“Also, have patience in new places or when distractions are around that might make your dog’s response time a bit slower than you think it should be,” Lotz says. “If your dog doesn’t respond in any way, it could be that something in the environment could be making him anxious or stressed. Repeating the command won’t cause him to listen! Instead, you should adjust the surroundings so that your dog’s in a place that he can respond and then work to build from that point.”

Lack of Positive Reinforcement

Dogs are a pleasure to the humans around them, but think that’s enough motive to have them be loyal to you, it’s the right time to increase the stakes!
Certain dogs are more responsive to a loud pet and the exclamation in the form of “good boy!”, certain breeds prefer treats that are tasty, while others prefer an easy toss of an item of their choice after an accomplishment. If your dog feels as if you’re rewarding him by you, he’ll soon learn that obeying your commands can bring attractive rewards!

Silence is golden

Your dog thinks that you are talking too often. I guarantee it. He does. Your family and friends might rely on every word you say however, it’s not the dog. They have their own “language,”, but they don’t speak in words. Dogs speak in a visual manner. They communicate their thoughts through their body posture and tails, as well as their eyes and ears. This is why their first reaction in trying to determine what we are trying to communicate is to look at us and not to hear us. Our constant conversations are just the noise they hear.
Follow the following simple rules. If you ask the dog what to do five times, but he does not do it all four times, don’t tell him to perform it. It is a constant process of training every whenever we interact with our dogs regardless of whether we realize the difference or not. If you continue to call your dog, or instructing him to stay off the counter but you don’t hear him, then you are actively teaching your dog to not listen to your commands. We must make our words count when it comes to dog training. What do you do when you are unable to say a word to a dog that is not paying attention? You shift your attention, which results in a second major distinction between the way humans and dogs perceive the world. Find out more about this.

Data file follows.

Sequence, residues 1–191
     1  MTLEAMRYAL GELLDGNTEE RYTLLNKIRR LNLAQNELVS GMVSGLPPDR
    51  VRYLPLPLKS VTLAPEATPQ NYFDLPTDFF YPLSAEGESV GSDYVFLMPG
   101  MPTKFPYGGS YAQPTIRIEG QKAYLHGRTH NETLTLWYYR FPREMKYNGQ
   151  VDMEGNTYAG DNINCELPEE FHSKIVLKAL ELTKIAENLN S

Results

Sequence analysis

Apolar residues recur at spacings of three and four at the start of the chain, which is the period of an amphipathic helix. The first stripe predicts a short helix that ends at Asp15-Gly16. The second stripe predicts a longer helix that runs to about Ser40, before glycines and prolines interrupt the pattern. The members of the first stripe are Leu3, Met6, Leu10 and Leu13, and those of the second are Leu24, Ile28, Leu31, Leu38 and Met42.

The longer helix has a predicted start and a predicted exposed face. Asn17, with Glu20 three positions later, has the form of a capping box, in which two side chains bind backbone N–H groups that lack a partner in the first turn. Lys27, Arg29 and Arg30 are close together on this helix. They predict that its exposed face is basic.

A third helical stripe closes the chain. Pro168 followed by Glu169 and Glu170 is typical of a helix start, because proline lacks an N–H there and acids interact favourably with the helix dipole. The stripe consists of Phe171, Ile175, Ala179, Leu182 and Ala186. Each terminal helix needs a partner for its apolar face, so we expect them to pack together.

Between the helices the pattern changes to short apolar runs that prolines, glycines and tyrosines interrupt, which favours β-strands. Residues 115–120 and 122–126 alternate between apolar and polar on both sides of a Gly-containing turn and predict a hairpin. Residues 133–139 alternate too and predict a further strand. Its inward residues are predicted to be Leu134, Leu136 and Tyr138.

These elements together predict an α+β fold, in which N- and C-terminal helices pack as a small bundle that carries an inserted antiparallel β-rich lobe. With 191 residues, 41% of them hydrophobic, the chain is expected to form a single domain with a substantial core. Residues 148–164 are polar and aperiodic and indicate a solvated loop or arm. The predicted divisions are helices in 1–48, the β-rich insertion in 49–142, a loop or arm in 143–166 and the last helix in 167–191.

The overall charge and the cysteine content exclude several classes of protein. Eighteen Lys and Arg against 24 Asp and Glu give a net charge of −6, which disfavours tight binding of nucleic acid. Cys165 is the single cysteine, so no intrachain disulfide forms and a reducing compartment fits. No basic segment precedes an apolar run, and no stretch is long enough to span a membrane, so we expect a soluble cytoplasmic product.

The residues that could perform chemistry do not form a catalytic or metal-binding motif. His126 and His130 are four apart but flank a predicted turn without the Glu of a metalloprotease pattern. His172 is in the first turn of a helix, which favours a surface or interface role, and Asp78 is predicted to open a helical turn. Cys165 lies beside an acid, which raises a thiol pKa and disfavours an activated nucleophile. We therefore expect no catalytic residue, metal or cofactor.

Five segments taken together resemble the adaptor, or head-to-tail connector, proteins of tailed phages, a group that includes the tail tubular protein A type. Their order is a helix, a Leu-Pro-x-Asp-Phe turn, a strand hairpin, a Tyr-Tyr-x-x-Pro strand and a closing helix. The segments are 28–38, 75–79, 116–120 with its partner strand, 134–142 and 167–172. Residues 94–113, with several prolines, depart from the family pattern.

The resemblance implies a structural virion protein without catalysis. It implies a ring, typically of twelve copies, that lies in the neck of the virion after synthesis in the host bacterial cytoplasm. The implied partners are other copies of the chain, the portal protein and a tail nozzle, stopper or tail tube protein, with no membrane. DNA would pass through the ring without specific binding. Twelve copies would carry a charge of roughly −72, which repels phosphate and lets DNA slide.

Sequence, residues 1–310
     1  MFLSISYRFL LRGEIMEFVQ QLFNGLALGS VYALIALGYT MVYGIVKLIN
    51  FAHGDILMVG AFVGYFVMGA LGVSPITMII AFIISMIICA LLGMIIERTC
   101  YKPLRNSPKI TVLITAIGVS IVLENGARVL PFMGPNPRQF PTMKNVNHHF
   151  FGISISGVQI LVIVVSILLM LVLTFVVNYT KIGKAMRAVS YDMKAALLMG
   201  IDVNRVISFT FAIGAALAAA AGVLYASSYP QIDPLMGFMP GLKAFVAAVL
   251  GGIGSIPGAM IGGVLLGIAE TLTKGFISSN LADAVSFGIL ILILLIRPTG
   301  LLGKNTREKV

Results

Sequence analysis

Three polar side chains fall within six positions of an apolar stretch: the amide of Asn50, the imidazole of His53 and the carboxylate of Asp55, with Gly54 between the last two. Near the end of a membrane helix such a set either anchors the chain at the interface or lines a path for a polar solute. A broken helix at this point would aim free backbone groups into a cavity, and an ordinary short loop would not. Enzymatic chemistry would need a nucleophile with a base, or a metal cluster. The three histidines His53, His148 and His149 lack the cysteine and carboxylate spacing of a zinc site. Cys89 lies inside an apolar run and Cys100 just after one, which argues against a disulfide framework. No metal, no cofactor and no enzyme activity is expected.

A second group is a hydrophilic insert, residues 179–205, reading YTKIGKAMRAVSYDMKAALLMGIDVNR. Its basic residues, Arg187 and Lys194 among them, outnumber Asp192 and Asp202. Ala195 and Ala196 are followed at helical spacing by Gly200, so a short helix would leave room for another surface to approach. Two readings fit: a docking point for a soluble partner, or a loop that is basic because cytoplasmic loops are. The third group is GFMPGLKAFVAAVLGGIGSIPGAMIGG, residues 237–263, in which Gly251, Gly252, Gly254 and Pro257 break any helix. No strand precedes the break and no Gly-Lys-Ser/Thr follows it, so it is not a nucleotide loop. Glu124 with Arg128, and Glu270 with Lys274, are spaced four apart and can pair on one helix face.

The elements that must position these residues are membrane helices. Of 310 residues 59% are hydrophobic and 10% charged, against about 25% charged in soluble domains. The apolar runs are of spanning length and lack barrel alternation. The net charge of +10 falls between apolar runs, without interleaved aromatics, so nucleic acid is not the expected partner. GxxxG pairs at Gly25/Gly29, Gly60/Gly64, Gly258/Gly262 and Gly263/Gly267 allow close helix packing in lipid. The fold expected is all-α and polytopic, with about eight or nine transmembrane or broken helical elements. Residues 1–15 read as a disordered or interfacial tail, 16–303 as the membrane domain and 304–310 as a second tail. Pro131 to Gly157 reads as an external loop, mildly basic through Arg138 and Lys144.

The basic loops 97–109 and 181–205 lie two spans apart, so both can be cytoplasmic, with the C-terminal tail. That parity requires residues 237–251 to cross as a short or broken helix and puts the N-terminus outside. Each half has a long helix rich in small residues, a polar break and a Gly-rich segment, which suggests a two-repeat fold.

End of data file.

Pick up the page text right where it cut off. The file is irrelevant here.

You Train at His Playground

Oh, my! This is a HUGE Faux Pas! Don’t teach your dog in the dog park.
The most dangerous place where you can train your pet one filled with distractions. City parks, dog parks, crazy running routes, horses squirrels, pigs… The list of possibilities is endless, encompassing hundreds or even dozens of different scenarios. If you’re looking to train your dog to be attentive to you when you’re distracted, he must have 100% reliable obedience at home.
If he doesn’t listen by saying “sit” or “down” at home, there’s just a little less than 3% chance that he’ll listen to what’s happening within him. You have to slowly introduce distractions and demonstrate your behavior before you expect him to trust you with things that he finds interesting. Also, I would like to mention that you must be more interesting that the thing you are trying to distract him from.